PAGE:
This December marks one year since the withdrawal of the last diesel municipal buses from the Municipal Transport Company (EMT in Spanish).
Since then, this milestone has been recognized as a turning point that made Madrid the first Spanish city—and one of the first capitals in Europe—with a 100% clean bus fleet, in line with the requirements of the European Directive on Clean Vehicles.
But the ambition doesn’t stop there.
The Delegate of the Department of Urbanism, Environment, and Mobility, Borja Carabante, accompanied by the Managing Director of the Municipal Transport Company of Madrid, Alfonso Sánchez, has announced the electrification goals for the municipal fleet for the coming year.
In this regard, he has revealed “the recent awarding of a total of 100 new electric buses that will be gradually added to the municipal fleet between March and December 2024.”
Thus, by the end of 2024, EMT Madrid will have 440 zero-emission electric buses, and by 2025, 25% of the fleet will be electric.
According to data collected by Mobility Portal España, the entire municipal fleet consists of 2,038 buses, of which 1,811 are Compressed Natural Gas (CNG) buses (88.9%), 5 are plug-in CNG hybrids (0.24%), and 222 are 100% electric vehicles (10.9%).
A noteworthy fact is that the fleet has an average age of 4.55 years, making it the youngest in Spain and the second youngest in Europe, after Berlin.
Alongside London and Paris, Madrid stands among the European capitals with the highest number of electric buses by the end of the year.
Which brands secured the award?
As reported, a total of 80 are standard 12-meter buses, of which 50 bear the signature of the Chinese company BYD but with Castrosua bodies.
The remaining 30 will be supplied by Solaris. 20 units of this award are electric midi-buses (9.3 meters), also from the same European manufacturer.
The award for these hundred buses amounts to €54,845,000, of which EMT will receive €200,000 per bus from the Next Generation EU funds.
This contribution is part of the Recovery, Transformation, and Resilience Plan, specifically in the 2022 call for assistance to municipalities for the implementation of low-emission zones and the digital and sustainable transformation of urban transport.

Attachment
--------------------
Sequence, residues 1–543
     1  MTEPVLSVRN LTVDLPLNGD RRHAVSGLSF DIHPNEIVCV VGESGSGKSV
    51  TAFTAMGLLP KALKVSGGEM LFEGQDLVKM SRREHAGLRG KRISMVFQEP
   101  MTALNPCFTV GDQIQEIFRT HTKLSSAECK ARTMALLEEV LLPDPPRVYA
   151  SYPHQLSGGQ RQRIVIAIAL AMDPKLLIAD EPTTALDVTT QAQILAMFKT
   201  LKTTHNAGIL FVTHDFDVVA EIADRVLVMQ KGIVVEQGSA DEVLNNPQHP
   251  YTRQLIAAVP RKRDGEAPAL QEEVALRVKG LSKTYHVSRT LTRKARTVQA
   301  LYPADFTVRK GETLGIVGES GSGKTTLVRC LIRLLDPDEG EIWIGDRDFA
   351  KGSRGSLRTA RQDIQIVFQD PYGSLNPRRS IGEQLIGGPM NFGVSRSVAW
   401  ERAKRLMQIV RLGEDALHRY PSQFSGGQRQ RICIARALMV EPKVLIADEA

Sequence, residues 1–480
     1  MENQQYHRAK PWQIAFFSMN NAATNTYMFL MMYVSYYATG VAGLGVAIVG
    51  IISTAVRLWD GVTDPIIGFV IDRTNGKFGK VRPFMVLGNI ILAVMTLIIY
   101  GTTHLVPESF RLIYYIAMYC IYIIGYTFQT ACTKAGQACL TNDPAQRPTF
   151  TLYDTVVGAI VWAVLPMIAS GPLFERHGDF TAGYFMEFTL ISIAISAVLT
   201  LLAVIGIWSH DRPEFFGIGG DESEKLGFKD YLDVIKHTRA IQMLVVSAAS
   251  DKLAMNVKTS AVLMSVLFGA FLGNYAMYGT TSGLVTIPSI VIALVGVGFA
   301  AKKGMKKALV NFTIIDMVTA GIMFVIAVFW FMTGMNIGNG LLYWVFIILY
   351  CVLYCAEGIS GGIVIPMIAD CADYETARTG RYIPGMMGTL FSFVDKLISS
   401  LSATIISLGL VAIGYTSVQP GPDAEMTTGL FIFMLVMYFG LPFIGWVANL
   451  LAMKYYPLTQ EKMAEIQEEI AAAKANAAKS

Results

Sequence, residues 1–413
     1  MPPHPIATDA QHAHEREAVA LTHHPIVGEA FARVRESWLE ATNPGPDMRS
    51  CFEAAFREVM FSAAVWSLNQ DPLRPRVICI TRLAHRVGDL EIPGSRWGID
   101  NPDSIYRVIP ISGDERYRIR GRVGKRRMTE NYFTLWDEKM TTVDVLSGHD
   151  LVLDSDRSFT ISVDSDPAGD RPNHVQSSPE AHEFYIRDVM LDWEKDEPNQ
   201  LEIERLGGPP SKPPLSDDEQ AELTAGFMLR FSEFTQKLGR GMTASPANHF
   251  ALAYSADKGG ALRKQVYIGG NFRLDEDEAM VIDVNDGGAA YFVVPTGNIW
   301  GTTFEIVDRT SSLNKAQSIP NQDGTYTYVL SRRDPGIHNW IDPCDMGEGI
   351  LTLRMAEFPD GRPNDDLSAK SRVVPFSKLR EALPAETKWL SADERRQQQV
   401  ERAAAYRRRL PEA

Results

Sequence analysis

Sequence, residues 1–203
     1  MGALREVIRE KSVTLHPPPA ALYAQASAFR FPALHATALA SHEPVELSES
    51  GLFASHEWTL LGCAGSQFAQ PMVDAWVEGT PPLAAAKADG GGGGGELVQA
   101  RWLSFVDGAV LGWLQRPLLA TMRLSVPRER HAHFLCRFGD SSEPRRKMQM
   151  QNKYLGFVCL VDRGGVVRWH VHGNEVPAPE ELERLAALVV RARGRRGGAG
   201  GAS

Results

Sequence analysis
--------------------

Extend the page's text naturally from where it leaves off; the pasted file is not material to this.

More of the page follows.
Simultaneously, EMT is awaiting the arrival of 11 buses this December, which will start operating in early 2024, and another 44 electric ‘ie bus’ models from Irizar, scheduled to arrive in the first quarter of 2024.
Additionally, EMT and the City of Madrid have adhered to the commitment made over the years to provide the necessary infrastructure at the company’s operation centers to supply energy to the new electric vehicles being integrated into the municipal fleet.
The arrival of the first green hydrogen buses
In addition to emphasizing the use of electric power for the fleet, the municipal company is immersed in a major project to acquire models powered by green hydrogen.
It is expected that these buses will cover the entire production and storage cycle of this fuel at their own facilities.
The first 10 green hydrogen buses were promised to arrive in 2023, and more will continue to arrive throughout 2024.
Furthermore, a batch of 150 fully electric buses has been gradually incorporated into the municipal fleet this year.
An important factor is that EMT is working on installing a hydrogen station at its La Elipa district depot.
Currently, they have begun the construction of the first hydrogen plant in the capital, located at the EMT Operations Center.
There, they hope to refuel the 10 hydrogen-powered buses from the Portuguese manufacturer CaetanoBus.
The project includes the installation of a total of 2,780 photovoltaic panels distributed across three ramps, with a maximum power of 1.6 MWh, 550 kW for each panel.
The path to decarbonization
The decarbonization of the municipal bus fleet is one of the main goals set by EMT and the City Council with million-dollar investments for this purpose, as outlined in the EMT Strategic Plan until 2025.
The three major projects to achieve this goal are the acquisition of zero-emission buses, the adaptation and construction of new sustainable infrastructures at their operation centers, and the use of technologies applied to mobility and clean energy.
Regarding the first of these major projects, EMT and the City of Madrid are advocating for a progressive electrification that aims to make 25% of the municipal fleet electric by 2025.
Currently, Madrid already has 28 zero-emission bus lines (the latest being Line 17, which has exclusively electric vehicles), making it the Spanish city with the most 100% electrified routes.
The zero-emission fleet of the municipal company comprises 270 units as of the end of 2023, and it is expected that by 2024, the number will reach 440 units of zero-emission buses.
Regarding the construction of new infrastructures outlined in the EMT Strategic Plan until 2025, the launch of an intelligent electric charging station using inverted pantograph at its Carabanchel facilities stands out—a pioneering project that has been operational for months.
Simultaneously, the EMT Operations Center in La Elipa—with a capacity for 318 buses—is gearing up to become a reference center for the management of a 100% electric fleet and will be equipped with a photovoltaic installation designed for energy supply.